June 20, 2024

Was Paul Really the Foremost Sinner?

Paul called himself the chief or foremost sinner (1 Timothy 1:15).  Is this a hyperbolic statement, or is there some truth to this?

Many people point to Paul’s past as a person who persecuted Christians before his conversion as to why he calls himself the chief sinner.  The Bible says that Paul, then Saul, looked on during Stephen’s execution and approved (Acts 8:1).  Acts 7:58 suggests people honored Saul while stoning Stephen.  The problem with looking at any particular act to determine whether or not Paul was the chief of sinners is that someone can always come along with a legitimately worse sin story.  For instance, how about the people who executed Jesus?  There was never a more heinous act.  Objectively speaking, the value of the object destroyed determines the seriousness of the act.  No one minds much if you step on an ant, even on purpose.  But run over a person in the crosswalk, even by mistake, and your guilt is tremendous.  Stephen was a righteous man killed unjustly, but Jesus was God, the most valuable thing in the universe, and being sinless was killed in the most unjust way imaginable.  Those who killed Jesus did a greater sin than Saul, who killed Christians. 

Looking to past sins, or even imagining sins Paul may have committed after he claimed to be the chief sinner, is not a good way to test the integrity of Paul’s claim in 1 Timothy 1:15.  But, then, what else could he mean?

I also reject hyperbole as an explanation for Paul’s claim.  First, the Bible is the inspired word of God and not given to hyperbole.  Second, the only other reason Paul would make such a claim if it were not true is to portray a false sense of humility to elevating himself.  Paul directly counsels against such an act 2 Corinthians 10:17 (boast in the Lord).  There is no place for such a bold contradiction in the Bible for one to say boast only in the Lord and then exalt himself through false humility.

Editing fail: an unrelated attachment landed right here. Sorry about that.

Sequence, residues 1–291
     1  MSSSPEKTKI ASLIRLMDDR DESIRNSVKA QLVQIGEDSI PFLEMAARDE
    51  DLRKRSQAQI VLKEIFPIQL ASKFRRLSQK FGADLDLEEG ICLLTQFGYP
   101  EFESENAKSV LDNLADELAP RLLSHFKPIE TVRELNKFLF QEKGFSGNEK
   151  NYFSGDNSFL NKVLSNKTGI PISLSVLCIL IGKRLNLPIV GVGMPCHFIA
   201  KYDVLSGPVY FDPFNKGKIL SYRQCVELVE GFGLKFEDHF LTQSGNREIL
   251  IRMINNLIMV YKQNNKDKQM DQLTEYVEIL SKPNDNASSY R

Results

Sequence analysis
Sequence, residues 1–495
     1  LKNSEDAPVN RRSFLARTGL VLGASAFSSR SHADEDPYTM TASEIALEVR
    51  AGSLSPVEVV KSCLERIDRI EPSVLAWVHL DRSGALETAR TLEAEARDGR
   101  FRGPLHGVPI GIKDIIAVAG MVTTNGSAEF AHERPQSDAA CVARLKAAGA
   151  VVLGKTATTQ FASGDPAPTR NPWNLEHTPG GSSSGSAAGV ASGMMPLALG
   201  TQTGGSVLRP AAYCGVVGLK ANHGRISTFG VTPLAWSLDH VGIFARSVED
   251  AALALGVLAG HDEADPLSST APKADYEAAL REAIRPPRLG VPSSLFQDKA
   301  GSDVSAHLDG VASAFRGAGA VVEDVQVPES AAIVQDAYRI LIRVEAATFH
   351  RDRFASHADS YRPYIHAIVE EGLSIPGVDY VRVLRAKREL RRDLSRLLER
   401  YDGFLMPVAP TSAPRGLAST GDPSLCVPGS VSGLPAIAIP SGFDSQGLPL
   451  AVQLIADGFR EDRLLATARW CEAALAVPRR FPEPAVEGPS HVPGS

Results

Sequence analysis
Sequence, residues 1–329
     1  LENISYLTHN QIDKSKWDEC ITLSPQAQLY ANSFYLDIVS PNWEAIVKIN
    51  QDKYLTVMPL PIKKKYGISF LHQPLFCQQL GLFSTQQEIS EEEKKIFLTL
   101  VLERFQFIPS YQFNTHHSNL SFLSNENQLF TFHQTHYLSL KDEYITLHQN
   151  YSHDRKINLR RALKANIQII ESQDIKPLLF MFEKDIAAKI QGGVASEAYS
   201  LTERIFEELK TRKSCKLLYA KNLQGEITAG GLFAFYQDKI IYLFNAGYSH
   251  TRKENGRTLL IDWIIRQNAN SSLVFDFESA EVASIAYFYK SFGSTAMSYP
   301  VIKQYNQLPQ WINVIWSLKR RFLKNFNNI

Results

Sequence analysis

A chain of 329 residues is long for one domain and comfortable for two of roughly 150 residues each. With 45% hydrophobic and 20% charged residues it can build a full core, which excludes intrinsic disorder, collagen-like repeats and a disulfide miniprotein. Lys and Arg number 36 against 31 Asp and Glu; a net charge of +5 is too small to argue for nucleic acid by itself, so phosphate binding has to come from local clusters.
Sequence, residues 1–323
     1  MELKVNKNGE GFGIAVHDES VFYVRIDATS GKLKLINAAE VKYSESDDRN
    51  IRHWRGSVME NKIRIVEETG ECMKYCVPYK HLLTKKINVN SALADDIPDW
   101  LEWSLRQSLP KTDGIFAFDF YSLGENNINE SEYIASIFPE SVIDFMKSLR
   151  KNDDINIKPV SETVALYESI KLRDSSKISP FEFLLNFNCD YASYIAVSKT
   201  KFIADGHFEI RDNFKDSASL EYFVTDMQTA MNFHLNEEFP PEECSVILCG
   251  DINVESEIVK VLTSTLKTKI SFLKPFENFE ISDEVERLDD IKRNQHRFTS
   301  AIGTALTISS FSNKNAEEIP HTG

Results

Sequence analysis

What is left is the notion that Paul believed himself to be the chief sinner.  How did he do this?  In at least two places, John Piper discussed the topic of the “sediment of sin.”  He talked about this in the context of the Great Recession in the early 2000s, and again in 2020 in his book about the Coronavirus.  One of his primary passages is Job.  Piper notes at the beginning of the book that Job was described as “blameless and upright” (Job 1:1).  Yet, at the end of the book, Job says to God, “I despise myself, and repent in dust and ashes” (Job 42:6).  How does a blameless man come to the state of repentance, self-loathing, and humiliation?

Piper says that people’s lives are like water in a beaker with a small amount of sediment at the bottom.  In peaceful times the water is clear, but with jostling, the sediment clouds the beaker turning the water opaque or even dark.  So it is with all people.  When times are good, we feel light and breezy.  Many think that the absence of things to repent of is a sign of sanctification and holiness.  However, with stress, the sin sitting quietly at the bottom of our hearts enters our thoughts and influences our actions.  All people are familiar with this pattern.  It is suffering and stress that brings out the worst in us.  Sin is always there, and stress stirs it up.

Consider what Paul has said about his life.  In 2 Corinthians 11, Paul catalogs some of his sufferings, which are extensive.  They include being lost and shipwrecked, tortured, beaten, and stoned.  We know Paul traveled extensively and spent much time in prison.  Even in prison, he felt a father’s worry for the Church and specific individuals.  Ultimately Paul was beheaded after a stint in prison.  Paul’s life was objectively stressful, especially after his conversion.  He stated in 2 Corinthians 1:8 that he “despaired of life itself” as a result of afflictions and burdens (quite possibly emotional burdens for the Church).  Stress constantly jostled Paul’s heart, stirring up sin.  Even when he was not in prison, shipwrecked or stoned, Paul had a burden for the Church that caused him stress.  Paul likely got a thorough and constant look at his sin.  He may have had very little time in his life from conversion to beheading where he was not looking at his sin. 

I have heard people say they were the chief of sinners, ostensibly contradicting Paul.  Indeed, I have considered that I could have done more sin than Paul.  After all, I may even live longer than Paul and have even more temptations to sin in this Modern Age than Paul had.  What Paul was likely talking about, however, was his actual data on his sin.  To his death, suffering stirred up deeper layers of corruption to examine.  In Job, we read about a time in Job’s life when loss and disease stirred up harsh words in Job that caused him to repent.  The sin was always there, despite being described as “blameless” early in the book.  Consider decades of constant loss and physical and emotional stress and the sinful thoughts, urges, and behaviors that such stress brings up?  We are all equally sinful and dependent on Jesus to save us, but Paul likely has a fuller catalog and understanding of those sins due to his suffering.  This understanding allows him to call himself the chief of sinners legitimately.

AJ Switzer

This name is a moniker so that the text can speak for itself. I am developing what I can write about more than how I write. I use AI to edit my stuff.

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